Merging different databases containing information on the same unit is technically trivial if all involved databases have a common identification number, such as a social security number or, as in the Scandinavian countries, a permanent personal identification number. Most of the modern identification numbers contain checksum mechanisms so that errors in these identifiers can be easily detected and corrected. Due to the many advantages of permanent personal identification numbers, similar systems have been introduced or discussed in some European countries outside Scandinavia.
In many jurisdictions, no permanent personal identification number is available for linkage. Examples are New Zealand, Australia, the UK, and Germany. Here, the linkage is most often based on alphanumeric identifiers such as surname, first name, address, and place of birth. In the literature, such identifiers are most often denoted as indirect or quasi-identifiers. Such identifiers are prone to error, for example, due to typographical errors, memory faults (previous addresses), different recordings of the same identifier (for example, swapping of substrings: reversal of first name and last name), deliberately false information (for example, year of birth) or changes of values over time (for example name changes due to marriages). Linking on exact matching information, therefore, yields only a non-randomly selected subset of records.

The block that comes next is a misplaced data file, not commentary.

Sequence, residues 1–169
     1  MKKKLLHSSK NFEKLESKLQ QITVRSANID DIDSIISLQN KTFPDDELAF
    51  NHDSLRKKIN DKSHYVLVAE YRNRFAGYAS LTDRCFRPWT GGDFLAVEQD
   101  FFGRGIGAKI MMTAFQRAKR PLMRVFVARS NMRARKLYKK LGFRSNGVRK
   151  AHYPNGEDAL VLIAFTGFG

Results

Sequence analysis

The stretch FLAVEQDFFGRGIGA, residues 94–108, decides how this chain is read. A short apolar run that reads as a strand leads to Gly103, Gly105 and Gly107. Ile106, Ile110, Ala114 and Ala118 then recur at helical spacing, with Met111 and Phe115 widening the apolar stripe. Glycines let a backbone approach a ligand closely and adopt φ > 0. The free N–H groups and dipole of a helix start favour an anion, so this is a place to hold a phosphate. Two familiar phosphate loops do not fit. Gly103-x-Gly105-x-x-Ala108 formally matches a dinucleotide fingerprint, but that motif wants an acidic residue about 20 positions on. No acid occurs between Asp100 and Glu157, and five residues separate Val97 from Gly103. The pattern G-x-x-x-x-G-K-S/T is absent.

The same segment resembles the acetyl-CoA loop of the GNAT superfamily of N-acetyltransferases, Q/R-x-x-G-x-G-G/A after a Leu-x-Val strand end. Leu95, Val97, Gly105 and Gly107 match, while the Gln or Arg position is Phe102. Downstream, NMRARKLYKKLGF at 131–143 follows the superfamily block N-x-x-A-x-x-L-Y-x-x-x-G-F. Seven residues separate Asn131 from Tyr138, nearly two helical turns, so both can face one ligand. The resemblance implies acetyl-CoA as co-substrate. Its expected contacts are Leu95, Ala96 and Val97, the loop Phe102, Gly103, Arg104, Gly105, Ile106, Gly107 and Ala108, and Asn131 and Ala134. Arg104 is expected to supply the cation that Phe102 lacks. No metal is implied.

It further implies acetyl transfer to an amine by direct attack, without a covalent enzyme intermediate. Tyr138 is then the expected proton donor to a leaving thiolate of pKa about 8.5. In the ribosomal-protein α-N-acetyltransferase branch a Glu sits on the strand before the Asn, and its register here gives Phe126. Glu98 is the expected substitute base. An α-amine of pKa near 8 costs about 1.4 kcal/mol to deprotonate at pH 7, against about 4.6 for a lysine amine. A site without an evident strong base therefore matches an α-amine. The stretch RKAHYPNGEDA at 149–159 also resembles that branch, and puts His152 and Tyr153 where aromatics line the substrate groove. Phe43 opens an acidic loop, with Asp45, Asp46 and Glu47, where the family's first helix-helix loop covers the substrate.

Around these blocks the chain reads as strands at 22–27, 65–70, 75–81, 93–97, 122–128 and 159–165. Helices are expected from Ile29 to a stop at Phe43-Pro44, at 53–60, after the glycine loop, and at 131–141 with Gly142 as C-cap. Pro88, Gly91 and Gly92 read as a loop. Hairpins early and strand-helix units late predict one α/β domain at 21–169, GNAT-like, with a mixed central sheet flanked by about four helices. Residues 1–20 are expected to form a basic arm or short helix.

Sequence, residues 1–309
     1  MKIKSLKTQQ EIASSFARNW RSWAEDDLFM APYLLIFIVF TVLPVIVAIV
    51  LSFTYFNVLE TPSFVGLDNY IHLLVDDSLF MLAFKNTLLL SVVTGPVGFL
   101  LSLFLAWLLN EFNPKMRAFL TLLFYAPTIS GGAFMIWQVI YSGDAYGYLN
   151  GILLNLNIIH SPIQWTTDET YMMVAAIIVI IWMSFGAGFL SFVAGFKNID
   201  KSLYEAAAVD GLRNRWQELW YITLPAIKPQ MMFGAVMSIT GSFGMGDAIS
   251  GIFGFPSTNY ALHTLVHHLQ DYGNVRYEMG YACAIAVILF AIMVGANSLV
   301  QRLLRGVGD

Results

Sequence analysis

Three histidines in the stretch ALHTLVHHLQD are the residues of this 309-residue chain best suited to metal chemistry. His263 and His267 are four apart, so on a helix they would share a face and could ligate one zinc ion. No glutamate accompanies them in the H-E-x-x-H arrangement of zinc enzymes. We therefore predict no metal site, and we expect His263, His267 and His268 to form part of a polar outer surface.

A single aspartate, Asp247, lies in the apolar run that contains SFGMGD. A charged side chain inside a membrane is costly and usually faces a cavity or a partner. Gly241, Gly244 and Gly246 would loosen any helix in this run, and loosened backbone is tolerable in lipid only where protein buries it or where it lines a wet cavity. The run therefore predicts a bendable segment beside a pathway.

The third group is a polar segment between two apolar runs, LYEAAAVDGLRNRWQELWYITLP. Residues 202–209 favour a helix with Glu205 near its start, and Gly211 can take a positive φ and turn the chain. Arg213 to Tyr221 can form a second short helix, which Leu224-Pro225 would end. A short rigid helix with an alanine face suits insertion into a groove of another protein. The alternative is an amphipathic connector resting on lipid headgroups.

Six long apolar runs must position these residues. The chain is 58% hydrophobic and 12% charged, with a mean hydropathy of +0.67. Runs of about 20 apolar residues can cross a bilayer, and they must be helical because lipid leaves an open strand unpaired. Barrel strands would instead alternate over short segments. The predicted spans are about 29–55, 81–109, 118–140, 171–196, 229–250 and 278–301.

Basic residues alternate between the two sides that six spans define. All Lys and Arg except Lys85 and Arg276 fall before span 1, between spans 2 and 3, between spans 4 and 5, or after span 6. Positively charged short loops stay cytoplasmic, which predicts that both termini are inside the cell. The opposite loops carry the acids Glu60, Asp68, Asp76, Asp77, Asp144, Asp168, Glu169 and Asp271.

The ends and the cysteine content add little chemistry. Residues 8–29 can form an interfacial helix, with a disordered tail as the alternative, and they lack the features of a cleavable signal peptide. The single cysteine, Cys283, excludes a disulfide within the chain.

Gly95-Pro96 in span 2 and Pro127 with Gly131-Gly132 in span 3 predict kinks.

Furthermore, the quality of identifying information in databases containing only indirect identifiers is much lower than usually expected. Error rates in excess of 20% and more records containing incomplete or erroneous identifiers are encountered in practice….(More)”.
Open Corporates: “…there are three other aspects which are relevant when talking about access to EU company data.
The first, is a tendency to take this complex and subtle legislation that is GDPR and use a poorly understood version in other legislation and regulation, even if that regulation is already covered by GDPR. This actually undermines the GDPR regime, and prevents it from working effectively, and should strongly be resisted. In the tech world, such approaches are called ‘cargo-culting’.